I’m hoping you can draw from some of your CDC experiences and contacts with those in the public health field to answer this question. Hopefully this is a little deeper than the usual testing question. I had a very low risk and decided to be tested on National Testing Day at eight weeks after my exposure. The tester explained to me that 90 percent of people seroconvert by 3 months and so the test was meaningless. I questioned her information, and she showed me the same information written on a card from the Maryland AIDS Administration. The local news here had cited the same statistics from the Virginia agency. Both of these organizations are headed by MDs and (I’m almost sure) receive Federal funding from CDC. They must receive money from the State taxpayers. As you know, Massachusetts AIDS services would declare this 8-week test absolutely conclusive without qualification since I’m a healthy young male.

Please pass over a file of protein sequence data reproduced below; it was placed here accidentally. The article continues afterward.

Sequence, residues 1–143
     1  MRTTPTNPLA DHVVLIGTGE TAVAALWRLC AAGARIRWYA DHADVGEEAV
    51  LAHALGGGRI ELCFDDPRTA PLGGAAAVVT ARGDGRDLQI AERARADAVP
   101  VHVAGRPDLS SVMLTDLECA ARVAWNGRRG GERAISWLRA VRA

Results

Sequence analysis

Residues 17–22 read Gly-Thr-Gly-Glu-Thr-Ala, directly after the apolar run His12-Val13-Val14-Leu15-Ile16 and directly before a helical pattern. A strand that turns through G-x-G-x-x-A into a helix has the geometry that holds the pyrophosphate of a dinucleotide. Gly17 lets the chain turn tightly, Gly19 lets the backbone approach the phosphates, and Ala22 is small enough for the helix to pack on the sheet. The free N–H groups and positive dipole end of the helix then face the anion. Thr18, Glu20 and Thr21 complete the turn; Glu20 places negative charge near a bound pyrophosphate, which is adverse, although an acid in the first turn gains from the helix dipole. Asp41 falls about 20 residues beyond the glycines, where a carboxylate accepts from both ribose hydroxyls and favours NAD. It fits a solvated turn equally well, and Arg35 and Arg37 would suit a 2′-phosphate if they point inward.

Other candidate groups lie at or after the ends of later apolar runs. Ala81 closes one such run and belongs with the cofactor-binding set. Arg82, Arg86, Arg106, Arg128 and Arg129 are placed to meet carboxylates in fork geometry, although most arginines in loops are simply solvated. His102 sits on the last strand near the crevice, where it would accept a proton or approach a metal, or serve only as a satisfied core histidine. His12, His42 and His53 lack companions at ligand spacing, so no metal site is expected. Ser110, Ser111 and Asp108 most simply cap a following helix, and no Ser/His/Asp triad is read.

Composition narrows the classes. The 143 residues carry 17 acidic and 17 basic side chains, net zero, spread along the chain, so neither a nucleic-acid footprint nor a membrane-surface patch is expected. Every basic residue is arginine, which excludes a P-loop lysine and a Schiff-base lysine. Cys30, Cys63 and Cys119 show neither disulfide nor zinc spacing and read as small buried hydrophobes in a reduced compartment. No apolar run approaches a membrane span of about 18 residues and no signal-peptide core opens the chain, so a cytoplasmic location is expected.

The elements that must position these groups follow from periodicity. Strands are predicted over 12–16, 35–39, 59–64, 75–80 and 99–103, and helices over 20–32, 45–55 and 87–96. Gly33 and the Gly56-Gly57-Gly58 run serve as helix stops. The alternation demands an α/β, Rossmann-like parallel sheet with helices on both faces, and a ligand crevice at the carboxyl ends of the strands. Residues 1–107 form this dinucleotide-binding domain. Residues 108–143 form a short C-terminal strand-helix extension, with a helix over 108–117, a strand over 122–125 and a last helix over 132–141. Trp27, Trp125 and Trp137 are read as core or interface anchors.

Common sense tells me that MA could never get away with their 6-week window periods if MD and VA were anywhere near correct with their statistics. So, why does CDC allow these State health initiatives, of which they hold the purse strings, to offer such divergent information? The MD and VA stats of 90 percent by 3 months scared me, and I think it’s doing the public a horrendous disserve to quote these numbers. I understand the legal need to be conservative, but isn’t this just a lie? Am I right that the scientific consensus is 95% by 6 weeks and 98% by 8 weeks? Have any of your colleagues, assuming they agree with these numbers, expressed dissatisfaction with what the States are saying? I doubt that the Oraquicks they're using in MA show positive results months before those same tests in MD.